Christopher Burghardt, managing director for Europe ChargePoint
It is widely accepted that in Europe at least, government-led recovery efforts in coming years will have sustainability at its core and mobility will play an important role in achieving this.
Electric vehicles (EVs) have been proven to stimulate economic growth and reduce greenhouse gas emissions.
The electric revolution is approaching at speed, with forecasts predicting that EV sales will surpass internal-combustion-engine vehicle sales by 2030, taking 51% of the market, as well as governments planning to progress bans on selling internal combustion vehicles from 2040 to 2035.
Questions have arisen since the crisis, asking whether we are ready for a fundamental change in the way we transport goods and people.
Is the British electrical grid-ready transportation electrification?
National Grid’s Future Energy Scenarios estimates that without the introduction of new technology, EVs could add 24GW to the peak demand by 2050, more than double the amount currently generated by the UK’s nuclear power stations.
Much of that technology needed to mitigate this spike is already working and ready to be implemented at scale.
The electrification of fleets provides insights into what the future grid may look like.
Even if the existing local infrastructure can support charging a fleet, many operators are installing microgrids, such as solar panels and battery systems, alongside smart chargers that can manage energy demand and distribution to support energy needs of fleets.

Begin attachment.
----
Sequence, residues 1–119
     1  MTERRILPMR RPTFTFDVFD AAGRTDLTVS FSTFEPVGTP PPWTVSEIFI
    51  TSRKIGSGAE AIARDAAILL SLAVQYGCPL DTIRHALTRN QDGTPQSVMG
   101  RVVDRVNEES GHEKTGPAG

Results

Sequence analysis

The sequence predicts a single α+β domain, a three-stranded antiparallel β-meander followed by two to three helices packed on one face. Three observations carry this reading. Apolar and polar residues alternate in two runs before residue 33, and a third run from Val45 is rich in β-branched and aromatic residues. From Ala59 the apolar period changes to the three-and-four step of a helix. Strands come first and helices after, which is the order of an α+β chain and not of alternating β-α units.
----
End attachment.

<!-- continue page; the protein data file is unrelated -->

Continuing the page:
Distributed Energy Resources (DER) can help fleet operators avoid overtaxing the existing power grid during peak demand.
EV’s are critical to our green recovery, so why isn’t EV charging classified as Critical National Infrastructure?
EV charging suffers many of the same challenges as broadband internet requiring permission and rights to lay cables to the right locations.
The difference is that broadband is increasingly regarded as an essential utility, but EV charging is still only perceived as a ‘nice to have'.
The pandemic and recent lockdown left many EV drivers unable to access chargers on the premises of shut down businesses.
If it was designated as Critical National Infrastructure they would be legally required to stay open. The Government is currently considering this, and we encourage them to make the important change.
Is the highway charging infrastructure up to the task?
While the market deploys highway charging ahead of demand, government support is key to ensuring the continued rollout.
They are (and should be) funding the expensive aspects of highway charging – grid connections and site improvements - not subsidising operators. But the government should support the buildout on a larger scale than the £500m it has committed to date.
The industry is making significant progress expanding access to thousands of chargers by allowing drivers to ‘roam’ between EV charging networks.
For drivers, this means that with just one account, they are able to charge across Europe on a variety of network chargers by using one RFID card or app.
Roaming is another important way to support the increasing demand for EVs. Unlike the DC network, this is being done without the need for government intervention.